MPD18 setup tips

  • I bought an MPD18 tonight! I plugged it into my ThinkPad and JACKed into Hydrogen; spent an hour noodling around with it, redoing the percussion for my latest track on SoundCloud. I like the MPD a lot, but I'm wondering how you more experienced folks have your MPDs setup.

    Which sounds do you like to place on which pads? What goes on the fader? What are some fingerdrumming styles/exercises that avoid carpal tunnel and other stress? I don't know if I'll mostly do one-handed drumming the way the live monome/beatsmiths do, or if I'll be using both hands.

    Also, how many of you have done the "tape mod" on the pads? Mine are nowhere near as responsive as they need to be, so I'm thinking I'll have to crack the thing open. Is the end result worth the effort? Thanks!

  • there was a little layout that was posted on cdm a while a go but i cant find it now, basically working on the idea of symmetry so you'd have two kicks at the bottom in the middle then toms either side of those and build it up like that.

    generally i only play with one hand so symmetry isn't that helpful. kicks stay at the bottom for the thumb to have fun with. my fader is reverb dry/wet but not for the drums.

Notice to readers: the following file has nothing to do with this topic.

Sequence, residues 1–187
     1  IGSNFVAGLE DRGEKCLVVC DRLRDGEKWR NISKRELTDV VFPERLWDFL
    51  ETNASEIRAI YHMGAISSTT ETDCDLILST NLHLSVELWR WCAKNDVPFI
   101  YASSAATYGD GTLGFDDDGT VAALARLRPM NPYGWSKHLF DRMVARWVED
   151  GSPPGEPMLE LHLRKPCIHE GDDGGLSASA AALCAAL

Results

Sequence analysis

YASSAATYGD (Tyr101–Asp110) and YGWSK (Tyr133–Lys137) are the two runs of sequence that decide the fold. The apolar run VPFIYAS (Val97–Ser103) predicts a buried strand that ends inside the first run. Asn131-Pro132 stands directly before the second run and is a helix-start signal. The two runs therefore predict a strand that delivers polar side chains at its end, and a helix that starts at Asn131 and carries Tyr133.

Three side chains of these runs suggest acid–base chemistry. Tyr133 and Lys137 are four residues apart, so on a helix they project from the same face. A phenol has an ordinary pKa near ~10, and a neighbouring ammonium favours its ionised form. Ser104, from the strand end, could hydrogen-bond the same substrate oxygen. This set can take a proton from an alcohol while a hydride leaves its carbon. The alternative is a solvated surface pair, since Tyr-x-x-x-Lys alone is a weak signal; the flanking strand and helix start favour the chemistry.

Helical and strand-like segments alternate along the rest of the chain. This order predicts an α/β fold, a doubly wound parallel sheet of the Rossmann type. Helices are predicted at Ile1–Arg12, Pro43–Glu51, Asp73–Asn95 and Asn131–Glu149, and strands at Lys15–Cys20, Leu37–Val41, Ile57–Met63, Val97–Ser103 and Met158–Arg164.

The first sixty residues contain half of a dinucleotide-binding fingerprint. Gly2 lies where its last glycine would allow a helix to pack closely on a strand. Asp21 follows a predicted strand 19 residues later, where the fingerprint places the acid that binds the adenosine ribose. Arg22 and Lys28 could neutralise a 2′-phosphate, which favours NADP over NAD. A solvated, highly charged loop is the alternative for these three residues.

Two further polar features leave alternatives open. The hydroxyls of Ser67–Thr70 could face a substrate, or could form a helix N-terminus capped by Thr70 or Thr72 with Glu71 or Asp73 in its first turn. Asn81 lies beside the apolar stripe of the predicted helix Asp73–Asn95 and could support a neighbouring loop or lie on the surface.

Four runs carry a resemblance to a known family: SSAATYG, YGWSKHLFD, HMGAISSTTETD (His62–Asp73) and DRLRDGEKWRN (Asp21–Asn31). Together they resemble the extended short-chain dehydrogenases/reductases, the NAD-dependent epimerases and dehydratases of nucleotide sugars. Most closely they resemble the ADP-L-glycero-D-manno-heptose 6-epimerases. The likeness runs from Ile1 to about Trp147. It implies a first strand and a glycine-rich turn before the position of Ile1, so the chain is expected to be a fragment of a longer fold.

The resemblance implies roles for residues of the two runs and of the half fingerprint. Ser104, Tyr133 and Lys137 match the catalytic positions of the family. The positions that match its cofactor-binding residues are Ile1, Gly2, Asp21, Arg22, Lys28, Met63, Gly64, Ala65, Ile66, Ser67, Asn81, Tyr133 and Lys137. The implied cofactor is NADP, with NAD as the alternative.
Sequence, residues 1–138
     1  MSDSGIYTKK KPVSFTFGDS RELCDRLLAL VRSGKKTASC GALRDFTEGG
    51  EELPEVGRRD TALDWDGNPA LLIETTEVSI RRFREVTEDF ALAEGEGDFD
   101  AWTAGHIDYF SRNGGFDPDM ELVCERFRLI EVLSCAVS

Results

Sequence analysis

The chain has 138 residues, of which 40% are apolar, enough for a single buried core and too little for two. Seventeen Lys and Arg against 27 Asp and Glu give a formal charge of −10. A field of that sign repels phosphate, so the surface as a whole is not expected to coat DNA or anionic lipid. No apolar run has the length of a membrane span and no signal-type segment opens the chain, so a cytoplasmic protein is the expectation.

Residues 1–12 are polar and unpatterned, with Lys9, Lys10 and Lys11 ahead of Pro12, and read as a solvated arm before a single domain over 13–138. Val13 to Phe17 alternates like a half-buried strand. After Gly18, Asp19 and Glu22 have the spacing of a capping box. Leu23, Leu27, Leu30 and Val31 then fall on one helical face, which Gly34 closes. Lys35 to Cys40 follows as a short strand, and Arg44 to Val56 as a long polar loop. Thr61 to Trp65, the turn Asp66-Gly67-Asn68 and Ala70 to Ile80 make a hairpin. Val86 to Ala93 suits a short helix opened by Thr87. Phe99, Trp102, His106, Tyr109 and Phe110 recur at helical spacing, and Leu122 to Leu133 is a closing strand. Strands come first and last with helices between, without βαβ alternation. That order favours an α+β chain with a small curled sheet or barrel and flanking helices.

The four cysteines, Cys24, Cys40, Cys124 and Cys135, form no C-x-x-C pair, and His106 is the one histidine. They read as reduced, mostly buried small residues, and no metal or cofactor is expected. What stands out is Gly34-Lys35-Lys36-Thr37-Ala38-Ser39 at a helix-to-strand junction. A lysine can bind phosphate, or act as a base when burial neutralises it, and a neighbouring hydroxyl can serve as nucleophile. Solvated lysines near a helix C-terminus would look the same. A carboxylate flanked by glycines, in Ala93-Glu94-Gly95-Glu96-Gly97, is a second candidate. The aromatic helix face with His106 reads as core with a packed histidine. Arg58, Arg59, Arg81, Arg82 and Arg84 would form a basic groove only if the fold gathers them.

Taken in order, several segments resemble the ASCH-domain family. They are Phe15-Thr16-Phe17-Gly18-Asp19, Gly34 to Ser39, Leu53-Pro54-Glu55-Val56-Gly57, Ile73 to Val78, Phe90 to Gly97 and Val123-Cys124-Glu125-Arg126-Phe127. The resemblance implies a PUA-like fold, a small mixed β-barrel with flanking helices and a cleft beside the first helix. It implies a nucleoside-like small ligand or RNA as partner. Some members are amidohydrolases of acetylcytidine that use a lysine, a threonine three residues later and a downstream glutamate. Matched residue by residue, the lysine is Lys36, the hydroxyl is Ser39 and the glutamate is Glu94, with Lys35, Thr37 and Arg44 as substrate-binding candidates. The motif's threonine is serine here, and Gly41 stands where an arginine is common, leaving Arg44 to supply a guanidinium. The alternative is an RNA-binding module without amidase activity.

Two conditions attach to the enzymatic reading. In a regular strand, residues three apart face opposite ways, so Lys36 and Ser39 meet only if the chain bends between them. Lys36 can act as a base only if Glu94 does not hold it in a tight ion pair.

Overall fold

tape mod was very effective for me. took a little while and cutting little squares of electrical tape is not the nicest way to spend a sunny afternoon but it should give you a lot more control over velocity and also increase the amount of time you can play them for before you break a finger ;)


  • good hunting :)

  • sells cork pads for MPDs (They also do replacements pads that are thicker than standard). And you can order them off eBay as well if you don't fancy cutting the tape yourself.

  • yeah the tape mod is definitely a winner in my book — brings you closer to your instrument too (rather than buying shit off ebay)!

  • the tape mod is well worth it. i used duct tape which worked well. it takes trial and error though to figure how much you need and how sensitive you want it.

    as with samples, i'd mess around and figure out what works best for you. i've been doing one hand drumming lately and use thumb with snares and kicks with pinky and ring fingers. throw percussion in with the others and switch it up sometimes. best thing i can tell you is to practice and see what works best for you.